NBC was not responding to a challenge by talk-show host Lawrence O'Donnell to disclose whether Donald Trump will return next fall with "The Celebrity Apprentice."
"NBC has created a monster and it is called Donald Trump," O'Donnell said in a blistering 15-minute rant on Wednesday's edition of his show, "The Last Word," which airs on MSNBC, a sister network of NBC.
"NBC can no longer stand idly by, not for one more day," he said.
If a deal is in place for another "Apprentice" season, Trump's attention-grabbing flirtation with a presidential bid is nothing more than a publicity stunt, O'Donnell declared.
"If Donald Trump has committed to do ('Celebrity Apprentice'), he is obviously not running for president," O'Donnell said, "and all of this, every bit of it, is as fake as Donald's reality show."
NBC, which will formally announce its 2011-12 season schedule on May 16, must already know if more "Celebrity Apprentice" is in the cards, O'Donnell said. He insisted that NBC settle the question right away and avoid being part of what he called Trump's "campaign to legitimize hatred and racism."
NBC declined to comment Thursday.
"I wouldn't dignify Lawrence O'Donnell's ridiculous statements by even providing a response," said Michael Cohen, an executive with the Trump Organization and a Trump spokesman.
O'Donnell's latest blast at Trump, a not-infrequent target, came hours after the White House released President Barack Obama's long-form birth certificate from Hawaii, debunking persistent claims that Obama was born in Africa.
The so-called "birther" controversy has dominated the early stage of the 2012 GOP nominating contest, with Trump leading the charge. Then, on Wednesday, he boasted of having "played such a big role" in prodding Obama to release the document.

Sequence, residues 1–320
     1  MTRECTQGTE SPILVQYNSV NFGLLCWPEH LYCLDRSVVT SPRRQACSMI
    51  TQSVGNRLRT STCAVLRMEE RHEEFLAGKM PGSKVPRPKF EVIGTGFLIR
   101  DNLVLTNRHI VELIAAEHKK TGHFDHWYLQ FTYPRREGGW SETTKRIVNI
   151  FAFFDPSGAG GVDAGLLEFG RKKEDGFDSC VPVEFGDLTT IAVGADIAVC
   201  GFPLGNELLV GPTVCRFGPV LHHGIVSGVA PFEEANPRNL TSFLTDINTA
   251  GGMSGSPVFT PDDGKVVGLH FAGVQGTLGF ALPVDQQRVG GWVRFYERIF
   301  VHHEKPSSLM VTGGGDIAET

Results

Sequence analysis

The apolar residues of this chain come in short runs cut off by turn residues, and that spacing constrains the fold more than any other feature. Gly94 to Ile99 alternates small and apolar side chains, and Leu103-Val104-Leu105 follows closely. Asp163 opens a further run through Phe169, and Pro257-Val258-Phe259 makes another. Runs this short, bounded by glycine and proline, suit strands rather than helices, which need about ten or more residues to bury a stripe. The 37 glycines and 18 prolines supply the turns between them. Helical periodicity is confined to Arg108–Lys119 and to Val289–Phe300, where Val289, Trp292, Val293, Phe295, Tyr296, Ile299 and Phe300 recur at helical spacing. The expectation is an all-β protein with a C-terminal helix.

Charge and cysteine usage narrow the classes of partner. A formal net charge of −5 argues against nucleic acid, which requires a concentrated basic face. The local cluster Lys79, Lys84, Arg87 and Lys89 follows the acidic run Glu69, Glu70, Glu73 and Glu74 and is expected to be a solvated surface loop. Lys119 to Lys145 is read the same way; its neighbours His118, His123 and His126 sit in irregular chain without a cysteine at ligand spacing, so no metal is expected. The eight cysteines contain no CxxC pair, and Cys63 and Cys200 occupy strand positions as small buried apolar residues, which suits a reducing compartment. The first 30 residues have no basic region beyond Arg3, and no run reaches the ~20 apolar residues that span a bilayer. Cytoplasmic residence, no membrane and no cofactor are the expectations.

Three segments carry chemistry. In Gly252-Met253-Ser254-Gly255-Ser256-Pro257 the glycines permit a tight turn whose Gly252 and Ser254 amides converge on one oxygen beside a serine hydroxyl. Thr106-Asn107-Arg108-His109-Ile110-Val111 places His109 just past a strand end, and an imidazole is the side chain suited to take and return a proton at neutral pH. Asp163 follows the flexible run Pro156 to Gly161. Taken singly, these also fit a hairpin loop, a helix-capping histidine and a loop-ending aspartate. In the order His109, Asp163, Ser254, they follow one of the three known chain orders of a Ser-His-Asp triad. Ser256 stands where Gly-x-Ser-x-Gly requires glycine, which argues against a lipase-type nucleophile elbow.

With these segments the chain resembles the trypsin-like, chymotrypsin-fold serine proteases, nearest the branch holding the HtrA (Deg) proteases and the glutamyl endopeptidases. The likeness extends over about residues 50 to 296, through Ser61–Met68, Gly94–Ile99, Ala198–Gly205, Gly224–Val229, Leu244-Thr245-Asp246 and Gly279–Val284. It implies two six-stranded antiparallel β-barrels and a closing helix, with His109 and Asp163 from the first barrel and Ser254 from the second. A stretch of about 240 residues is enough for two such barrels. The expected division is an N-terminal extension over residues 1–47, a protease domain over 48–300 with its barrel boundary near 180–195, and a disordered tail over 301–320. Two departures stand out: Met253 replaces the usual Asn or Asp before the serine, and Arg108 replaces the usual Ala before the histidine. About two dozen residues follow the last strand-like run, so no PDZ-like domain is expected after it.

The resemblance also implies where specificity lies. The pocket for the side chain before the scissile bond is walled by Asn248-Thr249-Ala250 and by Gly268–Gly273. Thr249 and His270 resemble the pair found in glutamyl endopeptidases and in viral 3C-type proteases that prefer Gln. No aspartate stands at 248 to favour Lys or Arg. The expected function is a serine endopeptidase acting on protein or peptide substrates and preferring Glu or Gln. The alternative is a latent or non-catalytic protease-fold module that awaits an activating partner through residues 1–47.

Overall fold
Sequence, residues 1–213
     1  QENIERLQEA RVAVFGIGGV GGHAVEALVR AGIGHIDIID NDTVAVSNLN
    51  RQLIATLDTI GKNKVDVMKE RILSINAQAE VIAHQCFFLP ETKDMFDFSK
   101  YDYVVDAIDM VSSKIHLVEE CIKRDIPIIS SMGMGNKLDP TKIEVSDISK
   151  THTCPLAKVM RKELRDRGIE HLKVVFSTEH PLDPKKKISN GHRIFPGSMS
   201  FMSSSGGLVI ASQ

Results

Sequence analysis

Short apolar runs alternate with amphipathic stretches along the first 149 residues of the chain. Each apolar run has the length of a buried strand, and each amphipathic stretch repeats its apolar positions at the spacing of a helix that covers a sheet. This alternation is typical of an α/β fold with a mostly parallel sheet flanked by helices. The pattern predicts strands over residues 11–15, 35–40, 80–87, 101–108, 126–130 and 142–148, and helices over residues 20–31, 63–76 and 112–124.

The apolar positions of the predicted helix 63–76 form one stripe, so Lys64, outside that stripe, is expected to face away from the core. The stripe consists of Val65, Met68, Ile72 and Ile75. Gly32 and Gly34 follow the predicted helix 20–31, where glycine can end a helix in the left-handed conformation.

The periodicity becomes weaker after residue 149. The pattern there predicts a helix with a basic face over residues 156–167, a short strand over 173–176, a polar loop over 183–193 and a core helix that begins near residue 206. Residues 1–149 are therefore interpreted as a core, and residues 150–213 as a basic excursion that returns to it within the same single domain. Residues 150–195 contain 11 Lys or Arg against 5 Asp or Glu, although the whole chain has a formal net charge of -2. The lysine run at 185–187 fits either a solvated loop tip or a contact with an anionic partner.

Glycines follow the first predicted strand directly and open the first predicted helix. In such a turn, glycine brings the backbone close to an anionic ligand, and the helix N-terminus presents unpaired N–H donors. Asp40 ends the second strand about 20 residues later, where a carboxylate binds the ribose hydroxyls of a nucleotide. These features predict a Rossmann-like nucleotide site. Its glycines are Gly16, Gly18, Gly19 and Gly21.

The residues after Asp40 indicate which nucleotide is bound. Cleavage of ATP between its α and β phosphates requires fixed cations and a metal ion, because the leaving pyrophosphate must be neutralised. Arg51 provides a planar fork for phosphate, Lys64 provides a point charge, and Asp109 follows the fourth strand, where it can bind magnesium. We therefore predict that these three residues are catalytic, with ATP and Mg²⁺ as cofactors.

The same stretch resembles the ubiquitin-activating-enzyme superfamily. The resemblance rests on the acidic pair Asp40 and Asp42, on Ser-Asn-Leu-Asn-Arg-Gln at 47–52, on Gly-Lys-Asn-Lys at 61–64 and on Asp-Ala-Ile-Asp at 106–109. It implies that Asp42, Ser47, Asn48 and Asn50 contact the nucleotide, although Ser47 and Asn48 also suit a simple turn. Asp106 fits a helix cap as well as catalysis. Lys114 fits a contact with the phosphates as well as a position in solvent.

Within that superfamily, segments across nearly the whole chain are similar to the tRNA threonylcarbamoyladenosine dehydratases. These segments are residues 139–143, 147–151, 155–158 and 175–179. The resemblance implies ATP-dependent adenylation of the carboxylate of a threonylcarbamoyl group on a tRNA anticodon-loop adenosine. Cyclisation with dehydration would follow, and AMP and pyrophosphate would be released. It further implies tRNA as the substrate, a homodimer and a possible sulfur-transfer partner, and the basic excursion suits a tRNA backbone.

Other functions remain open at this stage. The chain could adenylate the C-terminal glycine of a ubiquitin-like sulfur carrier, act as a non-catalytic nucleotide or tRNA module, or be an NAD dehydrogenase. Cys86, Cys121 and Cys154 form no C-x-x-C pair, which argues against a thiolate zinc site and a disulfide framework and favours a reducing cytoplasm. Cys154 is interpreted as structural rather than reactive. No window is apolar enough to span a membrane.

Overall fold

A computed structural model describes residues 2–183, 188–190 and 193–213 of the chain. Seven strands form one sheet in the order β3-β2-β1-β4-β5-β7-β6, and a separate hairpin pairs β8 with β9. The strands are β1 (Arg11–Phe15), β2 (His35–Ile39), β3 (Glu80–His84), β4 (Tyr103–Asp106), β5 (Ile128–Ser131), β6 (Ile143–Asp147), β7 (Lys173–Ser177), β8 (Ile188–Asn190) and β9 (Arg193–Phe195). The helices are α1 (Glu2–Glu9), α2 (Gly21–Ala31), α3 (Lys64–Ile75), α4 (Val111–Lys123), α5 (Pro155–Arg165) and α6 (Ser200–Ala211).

During his recent media blitz, Trump has also suggested, without providing evidence, that Obama was a mediocre student who did not deserve to be admitted to the Ivy League universities he attended.
Trump's quasi-political campaign has dovetailed with the current season of "Celebrity Apprentice," which has drawn a robust audience hovering around 8.2 million viewers in its first eight weeks.
On Wednesday, Trump repeated to reporters his intention to reveal his presidential plans after the show's season conclusion. While plugging the May 22 finale, Trump explained, "When the show is over, I will then be free to announce."
But O'Donnell disputed Trump's rationale, saying he could continue on the show even after announcing his plans, without NBC being forced to supply equal airtime to other candidates. Trump would not officially become a candidate until filing the legally required documents, O'Donnell said.
"He could wait for weeks or months to file those papers after simply saying he's going to run for president," O'Donnell said. "Trump is now hiding behind NBC when asked the single most important question in front of him: Are you going to run for president? And NBC is allowing him to hide behind NBC."
MSNBC and NBC are owned by Comcast's NBC Universal.